Chavistas on the March

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A month ago, it looked like allies of Hugo Chavez were suiting up for a long spell in the political doldrums. AMLO lost the Mexican presidential election; Humala blew the Peruvian election; polls were showing erosion in Chavez's own support. Most strikingly, Ecuadorian leftist Rafael Correa saw a big poll lead erode and lost the first round of the country's presidential election to Alvaro Noboa, a banana tycoon (seriously) and relatively free market politician. It looked like a vocal Chavez ally who won't pay Ecuador's debt might go down.

Eh, no such luck.

Leftist Rafael Correa is set for victory in Ecuador's presidential election.

With nearly 20% of ballots counted, Mr Correa has gained around 66% of the vote while Alvaro Noboa polled about 34%, according to election officials.

Mr Correa promised radical change—he opposes a free trade deal with the US and has promised to close a United States military base in Ecuador.

Mr Noboa has not yet accepted defeat, with full results due on Tuesday.

The preliminary count from Ecuador's Supreme Electoral Tribunal is even more in favour of Mr Correa than the exit polls, which indicated he had won 57% of the vote.

The blustering about killing trade deals might not matter as much with a Democratic Congress that wasn't itching to approve trade deals anyway. But expect to hear more about this, especially after Chavez wins re-election this weekend.

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  1. These countries just can’t win. They get a right-winger who talks the talk, then most of the benefits/gains of a free market are lost in corruption. Then the leftists come in and establish a regime less austere to the peasant but one that ends up shrinking the economy while corruption goes on unabated. The net result is that the people are worse off, and go back to the right wing extreme the next election. It’s an angry oval.

  2. Sorry, forgot to close the link tag.

  3. His opposition had a hell of a rally this weekend, despite Chavez blocking all of the roads into Caracas. (For unrelated reasons, of course.)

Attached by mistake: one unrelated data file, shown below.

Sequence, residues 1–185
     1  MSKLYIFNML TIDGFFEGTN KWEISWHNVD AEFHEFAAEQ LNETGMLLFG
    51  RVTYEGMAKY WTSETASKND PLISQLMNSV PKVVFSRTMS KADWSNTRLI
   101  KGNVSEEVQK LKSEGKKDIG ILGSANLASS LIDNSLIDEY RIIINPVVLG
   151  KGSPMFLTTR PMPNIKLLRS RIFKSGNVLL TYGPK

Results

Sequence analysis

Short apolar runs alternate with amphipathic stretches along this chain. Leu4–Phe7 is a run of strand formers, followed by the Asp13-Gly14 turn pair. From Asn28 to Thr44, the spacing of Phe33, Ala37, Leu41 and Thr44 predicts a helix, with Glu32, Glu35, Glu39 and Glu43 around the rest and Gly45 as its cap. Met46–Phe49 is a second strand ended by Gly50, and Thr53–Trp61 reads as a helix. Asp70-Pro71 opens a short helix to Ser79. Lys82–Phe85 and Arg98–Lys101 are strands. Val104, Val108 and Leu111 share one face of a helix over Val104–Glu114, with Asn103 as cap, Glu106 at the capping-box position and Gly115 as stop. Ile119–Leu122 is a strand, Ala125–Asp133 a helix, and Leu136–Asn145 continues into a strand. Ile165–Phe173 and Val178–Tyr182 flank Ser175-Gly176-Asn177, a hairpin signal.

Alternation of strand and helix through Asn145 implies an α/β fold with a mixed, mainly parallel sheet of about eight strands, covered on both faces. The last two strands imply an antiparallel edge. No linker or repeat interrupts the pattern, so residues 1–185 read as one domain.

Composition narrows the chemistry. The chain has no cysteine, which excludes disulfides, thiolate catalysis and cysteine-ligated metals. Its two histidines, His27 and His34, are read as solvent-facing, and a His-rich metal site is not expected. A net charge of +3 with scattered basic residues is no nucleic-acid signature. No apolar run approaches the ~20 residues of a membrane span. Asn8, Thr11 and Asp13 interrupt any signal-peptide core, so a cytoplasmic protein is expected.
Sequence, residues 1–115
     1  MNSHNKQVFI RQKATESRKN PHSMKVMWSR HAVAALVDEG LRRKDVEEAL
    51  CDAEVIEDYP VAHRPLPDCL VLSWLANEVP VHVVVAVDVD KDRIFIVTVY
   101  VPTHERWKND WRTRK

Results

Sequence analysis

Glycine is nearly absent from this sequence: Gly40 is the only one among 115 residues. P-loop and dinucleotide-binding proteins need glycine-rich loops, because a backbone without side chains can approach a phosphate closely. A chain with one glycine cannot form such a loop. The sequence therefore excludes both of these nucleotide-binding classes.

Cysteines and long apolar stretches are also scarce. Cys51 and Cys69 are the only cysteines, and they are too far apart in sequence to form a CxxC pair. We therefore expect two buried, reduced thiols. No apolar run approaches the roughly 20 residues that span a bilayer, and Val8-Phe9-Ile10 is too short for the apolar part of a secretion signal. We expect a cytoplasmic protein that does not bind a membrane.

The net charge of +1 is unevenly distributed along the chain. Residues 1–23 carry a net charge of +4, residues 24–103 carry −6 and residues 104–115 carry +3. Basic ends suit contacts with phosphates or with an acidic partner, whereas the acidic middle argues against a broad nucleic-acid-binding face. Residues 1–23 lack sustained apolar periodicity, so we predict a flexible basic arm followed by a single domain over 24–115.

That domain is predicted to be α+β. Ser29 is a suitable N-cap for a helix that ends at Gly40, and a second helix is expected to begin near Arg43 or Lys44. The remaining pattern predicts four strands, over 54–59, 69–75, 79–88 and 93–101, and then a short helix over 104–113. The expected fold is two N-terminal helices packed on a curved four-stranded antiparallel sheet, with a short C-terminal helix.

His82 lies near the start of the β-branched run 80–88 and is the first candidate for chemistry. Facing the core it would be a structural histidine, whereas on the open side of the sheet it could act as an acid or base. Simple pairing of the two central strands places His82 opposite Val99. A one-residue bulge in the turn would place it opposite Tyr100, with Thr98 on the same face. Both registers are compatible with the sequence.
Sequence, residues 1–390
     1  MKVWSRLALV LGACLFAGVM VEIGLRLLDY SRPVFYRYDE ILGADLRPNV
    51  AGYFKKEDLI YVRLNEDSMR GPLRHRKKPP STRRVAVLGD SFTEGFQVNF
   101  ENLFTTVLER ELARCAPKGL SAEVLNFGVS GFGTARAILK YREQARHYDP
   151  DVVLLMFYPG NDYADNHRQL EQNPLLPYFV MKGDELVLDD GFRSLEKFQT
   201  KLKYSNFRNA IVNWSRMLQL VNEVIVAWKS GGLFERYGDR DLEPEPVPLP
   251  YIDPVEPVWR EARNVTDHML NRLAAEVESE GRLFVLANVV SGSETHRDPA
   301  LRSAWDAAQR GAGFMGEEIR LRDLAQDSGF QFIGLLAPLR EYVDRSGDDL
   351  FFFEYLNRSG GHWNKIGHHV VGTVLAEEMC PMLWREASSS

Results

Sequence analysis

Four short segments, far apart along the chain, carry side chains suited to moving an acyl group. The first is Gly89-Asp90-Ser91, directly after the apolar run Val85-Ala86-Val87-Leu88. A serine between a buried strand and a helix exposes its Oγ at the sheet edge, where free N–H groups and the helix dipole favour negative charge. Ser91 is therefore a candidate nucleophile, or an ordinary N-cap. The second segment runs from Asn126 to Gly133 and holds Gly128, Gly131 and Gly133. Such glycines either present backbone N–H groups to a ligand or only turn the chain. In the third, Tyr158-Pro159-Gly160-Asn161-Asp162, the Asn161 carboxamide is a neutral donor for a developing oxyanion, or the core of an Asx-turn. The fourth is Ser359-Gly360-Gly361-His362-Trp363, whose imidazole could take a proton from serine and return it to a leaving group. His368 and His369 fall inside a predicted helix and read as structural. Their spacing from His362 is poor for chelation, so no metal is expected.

4. You got it wrong. Correa won the first round, and Noboa ended up in second place.

    And Matt Yglesias is wrong, Noboa didn’t lost because he is a banana-mogul, or because people thought he was a U.S. puppet (I live in Ecuador, and nobody brought that up at all, not even Correa). Noboa lost because he is a horrible semi reptiloid being with the charisma of a bag of HIV infected needles and dead rats that even die hard Christians thought he was being ridiculous every time he pulled out the bible and started quoting. I believe in free markets, and I believe in capitalism, and even then I voted for Noboa in the second round simply because he was the only alternative to Chavez’ pawn.

  5. lamar pretty much nailed it.

    my grandfather-in-law voted for noboa BECAUSE he was ecuador’s richest man. his theory was that noboa had so much money he wouldn’t need to steal from government coffers. this rather naive theory was very common (tho evidently not common enough).

    everyone votes against the incumbent (or just kicks him out of office) because of corruption, then gets exactly the same corruption just with a different political flavor. when there is no incumbent, they either vote based on regionalism (“corruption” usually means “they” are getting the loot that “we” should be getting), or on unverifiable (and seldom correct) guesses as to who will be least corrupt.

    for what it’s worth, noboa is not exactly the champion of free minds and free markets that he is sometimes made out to be. he’s a religious nut who got to where he is mostly thru connections with corrupt politicians. the lesser of two evils, perhaps, but definitely an evil.

    anyway, i think i’ll wander over to tradesports and see if they’re taking bets on how long correa stays in power.

    -cab

  6. cab: even leftists admit that the handful of rich folk in Lula’s government in Brazil are pretty honest compared to the lifelong activists who finally got their hands on the cookie jar. It’s a common belief because it’s often true. Rich ex-businessmen prefer the subtle “honest graft” technique of insider trading to actually writing checks to yourself from the Ministry’s account.

    As for not paying down Ecuador’s debt, well, more power to them. Not only would it make it easier to balance the budget and thus reduce taxes, but it will ensure that no one loans money to them again. And this is a good thing. These loans are purely political on the lender’s end, and used for political purposes on the borrower’s end. They do not lead to a better economy any more than Stevens’ bridge to nowhere would. If Ecuador actually broke the dismal cycle of aid, debt, and dependency, all of Correa’s other faults would be worth enduring.

    And before anyone says the obvious, I assert firmly that the “people of Ecuador” don’t owe a dime. They didn’t sign for the loans and never saw a penny of them. For all practical purposes, the loans are unsecured personal notes to the guy in the president’s office. The new president can refuse them any time he wants to. That principle, if adopted, would make lenders much more cautious about the projects they’re funding, and make for a decidedly cleaner lending and contracting process.

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